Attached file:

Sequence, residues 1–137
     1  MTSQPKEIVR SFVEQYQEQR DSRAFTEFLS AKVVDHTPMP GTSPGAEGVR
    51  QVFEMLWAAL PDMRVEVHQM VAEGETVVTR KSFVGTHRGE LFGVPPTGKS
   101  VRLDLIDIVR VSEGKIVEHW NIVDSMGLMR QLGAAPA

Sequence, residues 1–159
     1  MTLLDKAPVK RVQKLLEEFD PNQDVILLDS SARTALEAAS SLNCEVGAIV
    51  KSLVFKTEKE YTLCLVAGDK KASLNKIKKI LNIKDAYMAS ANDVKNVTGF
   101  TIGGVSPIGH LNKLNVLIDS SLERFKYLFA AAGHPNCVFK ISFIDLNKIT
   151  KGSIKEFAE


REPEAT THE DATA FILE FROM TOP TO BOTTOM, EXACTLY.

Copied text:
Sequence, residues 1–137
     1  MTSQPKEIVR SFVEQYQEQR DSRAFTEFLS AKVVDHTPMP GTSPGAEGVR
    51  QVFEMLWAAL PDMRVEVHQM VAEGETVVTR KSFVGTHRGE LFGVPPTGKS
   101  VRLDLIDIVR VSEGKIVEHW NIVDSMGLMR QLGAAPA

Sequence, residues 1–159
     1  MTLLDKAPVK RVQKLLEEFD PNQDVILLDS SARTALEAAS SLNCEVGAIV
    51  KSLVFKTEKE YTLCLVAGDK KASLNKIKKI LNIKDAYMAS ANDVKNVTGF
   101  TIGGVSPIGH LNKLNVLIDS SLERFKYLFA AAGHPNCVFK ISFIDLNKIT
   151  KGSIKEFAE